Face ID matches against depth information, which isn’t found in print or 2D digital photographs. It’s designed to protect against spoofing by masks or other techniques through the use of sophisticated anti-spoofing neural networks. Face ID is even attention-aware, and Face ID with a mask will always confirm attention. Face ID recognizes if your eyes are open and your attention is directed towards the device. This makes it more difficult for someone to unlock your device without your knowledge (such as when you are sleeping).
To use Face ID, you must set up a passcode on your device. You must enter your passcode for additional security validation when:
The device has just been turned on or restarted.
The device hasn’t been unlocked for more than 48 hours.
The passcode hasn’t been used to unlock the device in the last six and a half days and Face ID hasn’t unlocked the device in the last 4 hours.
The device has received a remote lock command.
After five unsuccessful attempts to match a face.
After initiating power off / Emergency SOS by pressing and holding either volume button and the side button simultaneously for 2 seconds.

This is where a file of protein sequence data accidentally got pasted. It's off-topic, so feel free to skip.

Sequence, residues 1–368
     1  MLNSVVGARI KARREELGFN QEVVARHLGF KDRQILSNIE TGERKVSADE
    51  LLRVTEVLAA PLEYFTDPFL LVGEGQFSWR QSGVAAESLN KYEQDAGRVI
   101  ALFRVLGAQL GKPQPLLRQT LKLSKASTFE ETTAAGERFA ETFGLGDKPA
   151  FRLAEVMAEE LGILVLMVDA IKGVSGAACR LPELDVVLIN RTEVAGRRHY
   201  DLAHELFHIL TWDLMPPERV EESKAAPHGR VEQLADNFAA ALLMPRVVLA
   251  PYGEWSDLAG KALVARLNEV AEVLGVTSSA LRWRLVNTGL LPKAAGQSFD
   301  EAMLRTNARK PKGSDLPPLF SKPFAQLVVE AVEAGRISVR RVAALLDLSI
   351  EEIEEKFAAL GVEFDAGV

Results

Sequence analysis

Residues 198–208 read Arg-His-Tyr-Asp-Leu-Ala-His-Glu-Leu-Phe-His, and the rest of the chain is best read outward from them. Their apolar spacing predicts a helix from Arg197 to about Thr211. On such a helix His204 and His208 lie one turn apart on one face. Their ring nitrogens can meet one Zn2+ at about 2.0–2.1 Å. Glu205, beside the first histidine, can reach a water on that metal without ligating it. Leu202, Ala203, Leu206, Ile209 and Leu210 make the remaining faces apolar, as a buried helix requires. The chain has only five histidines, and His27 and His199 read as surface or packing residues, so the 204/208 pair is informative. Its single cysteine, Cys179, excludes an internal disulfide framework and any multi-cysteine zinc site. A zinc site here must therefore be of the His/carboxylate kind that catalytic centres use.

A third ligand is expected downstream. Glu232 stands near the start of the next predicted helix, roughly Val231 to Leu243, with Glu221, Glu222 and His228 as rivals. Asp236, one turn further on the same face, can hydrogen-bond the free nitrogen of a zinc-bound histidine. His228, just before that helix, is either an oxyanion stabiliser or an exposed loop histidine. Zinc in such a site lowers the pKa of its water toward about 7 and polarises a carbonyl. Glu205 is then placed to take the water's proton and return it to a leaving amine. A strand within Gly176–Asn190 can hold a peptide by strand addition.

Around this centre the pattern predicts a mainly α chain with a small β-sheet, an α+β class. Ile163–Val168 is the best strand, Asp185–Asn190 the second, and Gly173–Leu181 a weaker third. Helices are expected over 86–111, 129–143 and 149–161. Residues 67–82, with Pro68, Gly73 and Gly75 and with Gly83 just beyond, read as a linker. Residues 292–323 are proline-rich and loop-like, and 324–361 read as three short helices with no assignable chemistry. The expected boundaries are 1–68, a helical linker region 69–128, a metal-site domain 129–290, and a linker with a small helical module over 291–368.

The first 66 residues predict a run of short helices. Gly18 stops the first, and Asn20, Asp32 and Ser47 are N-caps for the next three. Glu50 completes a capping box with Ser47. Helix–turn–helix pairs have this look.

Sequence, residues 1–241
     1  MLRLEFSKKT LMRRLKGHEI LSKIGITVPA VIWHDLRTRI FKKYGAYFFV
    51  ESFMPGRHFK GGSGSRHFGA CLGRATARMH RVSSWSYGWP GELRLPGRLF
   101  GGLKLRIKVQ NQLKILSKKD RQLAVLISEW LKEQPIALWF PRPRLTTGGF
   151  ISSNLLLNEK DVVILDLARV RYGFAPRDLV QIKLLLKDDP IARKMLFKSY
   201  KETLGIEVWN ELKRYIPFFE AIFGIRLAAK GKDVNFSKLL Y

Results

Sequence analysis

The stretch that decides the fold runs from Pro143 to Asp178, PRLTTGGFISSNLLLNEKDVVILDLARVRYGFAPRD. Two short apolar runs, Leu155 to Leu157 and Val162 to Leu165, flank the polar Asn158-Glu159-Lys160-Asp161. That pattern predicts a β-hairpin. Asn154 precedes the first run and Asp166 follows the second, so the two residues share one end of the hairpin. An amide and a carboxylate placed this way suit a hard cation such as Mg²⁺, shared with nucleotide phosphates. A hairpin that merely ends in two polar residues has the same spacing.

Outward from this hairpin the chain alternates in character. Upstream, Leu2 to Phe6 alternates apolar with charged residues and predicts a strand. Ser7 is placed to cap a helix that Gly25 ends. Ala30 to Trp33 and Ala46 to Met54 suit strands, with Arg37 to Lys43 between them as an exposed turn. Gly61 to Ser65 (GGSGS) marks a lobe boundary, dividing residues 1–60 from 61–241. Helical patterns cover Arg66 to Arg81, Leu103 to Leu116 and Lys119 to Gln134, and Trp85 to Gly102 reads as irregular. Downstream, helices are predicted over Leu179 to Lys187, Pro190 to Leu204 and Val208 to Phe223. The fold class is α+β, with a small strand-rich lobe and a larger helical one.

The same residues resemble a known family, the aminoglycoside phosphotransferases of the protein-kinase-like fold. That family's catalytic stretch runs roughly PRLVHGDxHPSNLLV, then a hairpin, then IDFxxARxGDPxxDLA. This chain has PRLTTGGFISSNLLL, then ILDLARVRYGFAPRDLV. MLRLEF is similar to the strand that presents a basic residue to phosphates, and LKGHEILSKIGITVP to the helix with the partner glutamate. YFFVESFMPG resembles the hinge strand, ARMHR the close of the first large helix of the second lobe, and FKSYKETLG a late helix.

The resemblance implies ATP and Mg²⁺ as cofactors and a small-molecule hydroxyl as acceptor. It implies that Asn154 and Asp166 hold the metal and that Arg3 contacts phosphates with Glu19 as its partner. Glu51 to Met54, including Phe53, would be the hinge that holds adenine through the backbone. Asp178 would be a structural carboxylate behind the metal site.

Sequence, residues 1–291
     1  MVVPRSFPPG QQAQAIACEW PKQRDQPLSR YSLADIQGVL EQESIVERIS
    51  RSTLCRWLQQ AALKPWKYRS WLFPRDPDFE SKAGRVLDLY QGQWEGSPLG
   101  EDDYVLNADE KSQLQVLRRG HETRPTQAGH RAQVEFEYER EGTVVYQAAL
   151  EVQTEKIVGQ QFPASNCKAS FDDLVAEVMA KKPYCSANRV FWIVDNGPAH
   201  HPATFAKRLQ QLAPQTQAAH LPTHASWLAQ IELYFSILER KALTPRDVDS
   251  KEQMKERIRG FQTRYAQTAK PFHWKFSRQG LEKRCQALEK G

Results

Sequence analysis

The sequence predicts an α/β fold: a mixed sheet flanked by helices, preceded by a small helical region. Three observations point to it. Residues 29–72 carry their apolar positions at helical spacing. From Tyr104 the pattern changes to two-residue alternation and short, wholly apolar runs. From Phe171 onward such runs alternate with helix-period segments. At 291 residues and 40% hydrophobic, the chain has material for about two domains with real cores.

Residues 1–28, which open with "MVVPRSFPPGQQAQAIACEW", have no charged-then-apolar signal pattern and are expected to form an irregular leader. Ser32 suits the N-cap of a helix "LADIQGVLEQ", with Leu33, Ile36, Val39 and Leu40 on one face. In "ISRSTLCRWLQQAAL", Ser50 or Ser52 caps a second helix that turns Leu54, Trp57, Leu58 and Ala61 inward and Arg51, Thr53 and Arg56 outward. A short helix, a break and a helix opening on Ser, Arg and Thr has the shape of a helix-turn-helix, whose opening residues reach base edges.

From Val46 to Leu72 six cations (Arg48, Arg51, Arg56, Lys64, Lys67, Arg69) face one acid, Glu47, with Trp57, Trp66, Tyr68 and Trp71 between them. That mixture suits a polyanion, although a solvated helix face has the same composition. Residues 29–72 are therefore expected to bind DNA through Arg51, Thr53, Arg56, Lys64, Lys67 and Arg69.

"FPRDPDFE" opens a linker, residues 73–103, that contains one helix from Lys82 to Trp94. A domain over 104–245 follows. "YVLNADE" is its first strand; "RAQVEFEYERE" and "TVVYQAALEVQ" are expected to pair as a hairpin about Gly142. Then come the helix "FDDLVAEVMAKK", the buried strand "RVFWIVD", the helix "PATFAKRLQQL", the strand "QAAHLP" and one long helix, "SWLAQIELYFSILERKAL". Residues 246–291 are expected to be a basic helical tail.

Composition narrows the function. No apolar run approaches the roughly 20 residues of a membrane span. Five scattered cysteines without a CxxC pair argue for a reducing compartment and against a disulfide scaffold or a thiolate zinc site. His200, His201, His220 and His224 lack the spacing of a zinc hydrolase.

If your device is lost or stolen, you can prevent Face ID from being used to unlock your device by marking your device as lost in Find My.
Privacy is incredibly important to Apple. Face ID data—including mathematical representations of your face—is encrypted and protected by the Secure Enclave. This data will be refined and updated as you use Face ID to improve your experience, including when you successfully authenticate. Face ID will also update this data when it detects a close match but a passcode is subsequently entered to unlock the device. Face ID data doesn’t leave your device and is never backed up to iCloud or anywhere else.
If you choose to enroll in Face ID, you can control how it’s used or disable it at any time. For example, if you don’t want to use Face ID to unlock your device, open Settings > Face ID & Passcode > Use Face ID, and disable iPhone Unlock or iPad Unlock. You can also use Face ID without setting up the ability to use it with a face mask. To disable Face ID entirely, open Settings > Face ID & Passcode, and tap Reset Face ID. Doing so will delete Face ID data, including mathematical representations of your face, from your device. If you choose to erase or reset your device using Find My iPhone or erasing all content and settings, all Face ID data will be deleted.